The amended Motor Vehicles Act is making cops across India dig into little known sections of the law, and these laws can be used against you. One such law is the one against riding a geared motorcycle with chappals/sandals. Under the amended Motor Vehicles Act, you can be fined Rs. 1,000 for riding a geared motorcycle while wearing chappals/sandals. Repeat offenders could even face jail time of 15 days, reports IndiaTimes.
The logic behind this rule is that chappals/sandals may interfere with gear shifting, and this could potentially lead to accidents. It could also lead to lower grip on the brake lever, which is again a safety hazard. Moreover, riding any two wheeler with chappals/sandals can cause severe injuries during a fall as the foot is not protected. Ideally, everyone should were motorcycle boots while riding a two wheeler in the interest of safety. However, that may not be practical for most people, which is why they prefer to ride with chappals/sandals. A safer alternative will be covered shoes that offer some amount of protection, and also lot of grip for gear shifting.
Most cops across India are yet to begin implementing the law against chappals/sandals on geared motorcycles. However, don’t be surprised if you’re actually stopped for this offence, and fined a hefty Rs. 1,000. Many Indian police officials, especially those handling traffic, are known to be very corrupt, and often make up laws or dig up little known offences to either demand a bribe or a legitimate penalty from vehicle owners.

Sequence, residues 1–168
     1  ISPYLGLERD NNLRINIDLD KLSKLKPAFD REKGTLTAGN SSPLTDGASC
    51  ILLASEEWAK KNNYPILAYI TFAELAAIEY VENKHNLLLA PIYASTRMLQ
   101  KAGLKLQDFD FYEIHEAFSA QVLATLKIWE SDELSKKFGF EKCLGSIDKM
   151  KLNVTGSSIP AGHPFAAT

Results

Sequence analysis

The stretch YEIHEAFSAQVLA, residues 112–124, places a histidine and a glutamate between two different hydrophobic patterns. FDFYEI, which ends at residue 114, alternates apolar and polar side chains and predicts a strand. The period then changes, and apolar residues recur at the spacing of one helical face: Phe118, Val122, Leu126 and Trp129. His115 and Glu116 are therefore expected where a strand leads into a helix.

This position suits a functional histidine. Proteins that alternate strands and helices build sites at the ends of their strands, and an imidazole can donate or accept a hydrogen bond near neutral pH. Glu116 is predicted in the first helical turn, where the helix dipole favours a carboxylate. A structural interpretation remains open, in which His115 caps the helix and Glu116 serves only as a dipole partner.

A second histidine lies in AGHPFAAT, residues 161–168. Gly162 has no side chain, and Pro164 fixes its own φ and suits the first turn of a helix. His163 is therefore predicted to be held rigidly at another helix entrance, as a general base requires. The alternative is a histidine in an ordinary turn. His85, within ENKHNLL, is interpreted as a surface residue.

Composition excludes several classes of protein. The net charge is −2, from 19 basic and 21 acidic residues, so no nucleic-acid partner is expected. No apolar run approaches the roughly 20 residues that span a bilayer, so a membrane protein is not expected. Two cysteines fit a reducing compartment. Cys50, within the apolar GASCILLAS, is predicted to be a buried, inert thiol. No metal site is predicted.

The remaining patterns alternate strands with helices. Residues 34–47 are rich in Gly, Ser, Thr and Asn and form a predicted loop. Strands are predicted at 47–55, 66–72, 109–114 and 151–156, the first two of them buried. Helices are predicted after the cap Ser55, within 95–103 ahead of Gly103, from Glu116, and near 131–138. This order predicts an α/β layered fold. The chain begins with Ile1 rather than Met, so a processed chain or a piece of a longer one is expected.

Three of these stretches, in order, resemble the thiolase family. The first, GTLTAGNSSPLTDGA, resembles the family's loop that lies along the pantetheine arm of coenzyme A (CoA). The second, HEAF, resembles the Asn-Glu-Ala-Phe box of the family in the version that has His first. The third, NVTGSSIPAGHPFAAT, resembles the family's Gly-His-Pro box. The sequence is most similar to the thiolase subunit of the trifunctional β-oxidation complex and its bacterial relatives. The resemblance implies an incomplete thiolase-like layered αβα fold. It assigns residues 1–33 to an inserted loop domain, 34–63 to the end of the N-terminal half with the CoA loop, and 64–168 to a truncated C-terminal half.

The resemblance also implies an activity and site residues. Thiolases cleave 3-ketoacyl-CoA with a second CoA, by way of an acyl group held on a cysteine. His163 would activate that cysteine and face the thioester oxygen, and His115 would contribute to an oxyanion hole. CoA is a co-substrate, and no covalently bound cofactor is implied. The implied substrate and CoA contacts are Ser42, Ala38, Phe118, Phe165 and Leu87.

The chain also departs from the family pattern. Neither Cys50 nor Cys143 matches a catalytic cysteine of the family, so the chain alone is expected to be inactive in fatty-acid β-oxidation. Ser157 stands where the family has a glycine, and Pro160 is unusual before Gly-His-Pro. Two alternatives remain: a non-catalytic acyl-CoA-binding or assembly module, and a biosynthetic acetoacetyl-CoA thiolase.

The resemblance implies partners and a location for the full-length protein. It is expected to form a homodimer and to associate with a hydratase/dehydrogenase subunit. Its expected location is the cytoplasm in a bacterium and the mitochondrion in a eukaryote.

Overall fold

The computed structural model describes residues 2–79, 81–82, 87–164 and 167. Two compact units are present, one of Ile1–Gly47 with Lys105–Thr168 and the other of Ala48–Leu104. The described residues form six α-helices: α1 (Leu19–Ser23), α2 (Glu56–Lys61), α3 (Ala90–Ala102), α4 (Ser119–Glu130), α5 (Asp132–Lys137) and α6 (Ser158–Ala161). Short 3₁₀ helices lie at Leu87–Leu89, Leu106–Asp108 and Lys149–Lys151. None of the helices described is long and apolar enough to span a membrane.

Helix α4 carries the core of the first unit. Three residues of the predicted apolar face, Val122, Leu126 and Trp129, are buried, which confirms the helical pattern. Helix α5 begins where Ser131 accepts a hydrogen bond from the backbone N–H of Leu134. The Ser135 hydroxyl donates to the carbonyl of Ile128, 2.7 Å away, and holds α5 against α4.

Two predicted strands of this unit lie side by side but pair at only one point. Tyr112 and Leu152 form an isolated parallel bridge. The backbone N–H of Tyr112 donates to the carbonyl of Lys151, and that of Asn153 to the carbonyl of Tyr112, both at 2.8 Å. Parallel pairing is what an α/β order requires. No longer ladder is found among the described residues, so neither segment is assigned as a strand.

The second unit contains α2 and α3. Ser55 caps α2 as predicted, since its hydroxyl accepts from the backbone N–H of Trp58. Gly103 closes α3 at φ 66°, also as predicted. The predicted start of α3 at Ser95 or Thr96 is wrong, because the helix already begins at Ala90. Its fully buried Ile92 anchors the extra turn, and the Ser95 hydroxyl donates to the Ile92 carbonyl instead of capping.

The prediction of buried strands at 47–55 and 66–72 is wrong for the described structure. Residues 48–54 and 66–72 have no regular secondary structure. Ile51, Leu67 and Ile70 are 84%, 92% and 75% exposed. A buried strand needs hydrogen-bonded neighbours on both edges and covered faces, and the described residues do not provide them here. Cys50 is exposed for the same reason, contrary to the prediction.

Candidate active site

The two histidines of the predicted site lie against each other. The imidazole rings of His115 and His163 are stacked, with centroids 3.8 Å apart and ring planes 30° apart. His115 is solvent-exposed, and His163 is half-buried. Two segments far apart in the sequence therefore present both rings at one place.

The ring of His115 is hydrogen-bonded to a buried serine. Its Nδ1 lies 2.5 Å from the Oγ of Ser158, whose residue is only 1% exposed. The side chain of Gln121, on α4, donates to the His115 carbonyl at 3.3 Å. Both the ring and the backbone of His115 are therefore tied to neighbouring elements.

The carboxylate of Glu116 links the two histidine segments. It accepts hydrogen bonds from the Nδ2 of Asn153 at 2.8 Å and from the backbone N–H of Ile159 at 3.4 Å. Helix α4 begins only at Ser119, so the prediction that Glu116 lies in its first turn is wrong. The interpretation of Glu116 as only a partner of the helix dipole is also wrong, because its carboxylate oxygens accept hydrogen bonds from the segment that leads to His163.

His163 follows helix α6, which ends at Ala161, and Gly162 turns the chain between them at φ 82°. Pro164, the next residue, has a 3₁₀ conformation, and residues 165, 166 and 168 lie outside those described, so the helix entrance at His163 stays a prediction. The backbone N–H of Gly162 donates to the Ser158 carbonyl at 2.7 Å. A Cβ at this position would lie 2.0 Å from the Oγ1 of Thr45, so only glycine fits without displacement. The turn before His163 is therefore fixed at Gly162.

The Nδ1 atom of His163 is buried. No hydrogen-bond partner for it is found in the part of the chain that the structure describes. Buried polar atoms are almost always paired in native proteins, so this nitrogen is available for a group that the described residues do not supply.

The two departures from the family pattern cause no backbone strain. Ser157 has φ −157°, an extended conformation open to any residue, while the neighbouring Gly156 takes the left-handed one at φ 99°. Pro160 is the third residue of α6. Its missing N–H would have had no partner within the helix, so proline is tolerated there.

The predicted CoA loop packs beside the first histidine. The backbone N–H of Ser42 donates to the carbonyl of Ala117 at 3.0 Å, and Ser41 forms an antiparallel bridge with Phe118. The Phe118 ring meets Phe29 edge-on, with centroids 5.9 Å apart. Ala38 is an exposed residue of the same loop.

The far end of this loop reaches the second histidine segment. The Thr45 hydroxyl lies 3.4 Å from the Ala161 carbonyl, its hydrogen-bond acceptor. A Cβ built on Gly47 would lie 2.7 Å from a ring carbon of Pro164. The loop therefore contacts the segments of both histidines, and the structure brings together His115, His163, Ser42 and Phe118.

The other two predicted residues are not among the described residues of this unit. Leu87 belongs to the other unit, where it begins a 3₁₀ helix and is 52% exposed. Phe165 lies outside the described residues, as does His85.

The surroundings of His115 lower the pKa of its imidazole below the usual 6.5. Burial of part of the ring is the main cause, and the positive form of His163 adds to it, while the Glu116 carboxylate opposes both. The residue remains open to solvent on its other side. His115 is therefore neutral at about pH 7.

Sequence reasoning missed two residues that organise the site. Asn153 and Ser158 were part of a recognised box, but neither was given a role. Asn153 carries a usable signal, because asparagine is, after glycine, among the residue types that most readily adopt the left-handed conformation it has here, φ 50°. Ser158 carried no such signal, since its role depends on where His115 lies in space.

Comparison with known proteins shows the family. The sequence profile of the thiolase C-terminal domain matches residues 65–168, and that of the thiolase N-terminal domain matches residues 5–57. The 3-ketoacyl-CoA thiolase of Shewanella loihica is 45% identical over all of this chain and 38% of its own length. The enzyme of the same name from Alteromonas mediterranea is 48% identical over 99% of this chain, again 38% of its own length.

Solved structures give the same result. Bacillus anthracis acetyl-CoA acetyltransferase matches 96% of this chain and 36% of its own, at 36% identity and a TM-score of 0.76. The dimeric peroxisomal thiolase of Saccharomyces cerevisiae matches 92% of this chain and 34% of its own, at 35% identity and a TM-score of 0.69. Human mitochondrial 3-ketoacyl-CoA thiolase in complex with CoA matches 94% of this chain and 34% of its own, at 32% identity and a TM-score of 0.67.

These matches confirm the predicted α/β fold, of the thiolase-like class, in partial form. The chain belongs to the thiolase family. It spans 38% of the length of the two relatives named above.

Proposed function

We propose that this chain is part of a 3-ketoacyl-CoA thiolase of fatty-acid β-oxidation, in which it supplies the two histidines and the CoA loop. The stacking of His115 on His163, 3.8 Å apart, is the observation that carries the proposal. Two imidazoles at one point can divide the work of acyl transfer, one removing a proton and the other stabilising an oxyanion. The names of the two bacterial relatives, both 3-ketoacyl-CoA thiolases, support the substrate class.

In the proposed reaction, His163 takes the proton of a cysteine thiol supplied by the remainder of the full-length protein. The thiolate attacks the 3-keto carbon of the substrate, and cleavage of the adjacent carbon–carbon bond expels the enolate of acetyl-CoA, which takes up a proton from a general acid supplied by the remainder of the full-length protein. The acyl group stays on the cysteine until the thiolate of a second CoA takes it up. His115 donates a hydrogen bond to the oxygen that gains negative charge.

So, in your own interest, it’s best that you wear covered shoes while riding a geared two wheeler. And if you can afford it, opt for motorcycle boots, which will protect you during a fall. Also, ensure that a crash helmet is worn while riding any kind of two wheeler. That’s the bare minimum you can do for your own safety.
Meanwhile, protests against the exorbitant fines under the amended Motor Vehicles Act has broken out across many states. In Jharkhand and Odisha, angry citizens were seen protesting against these fines and also surrounding police officials and politicians openly flouting the law. Many state governments in India including West Bengal, Madhya Pradesh, Rajasthan, Punjab, Kerala and Goa have chosen not to implement the steep fines under the amended Motor Vehicles Act. Odisha chief minister Naveen Patnaik is said to have told law enforcement officials to stop charging hefty penalties from rule breakers for 3 months, during which they have been also asked to spread awareness among motorists about the various traffic offences, and the fines associated with them. In other parts of India though, law enforcement agencies have already begun levying hefty fines on traffic rule breakers.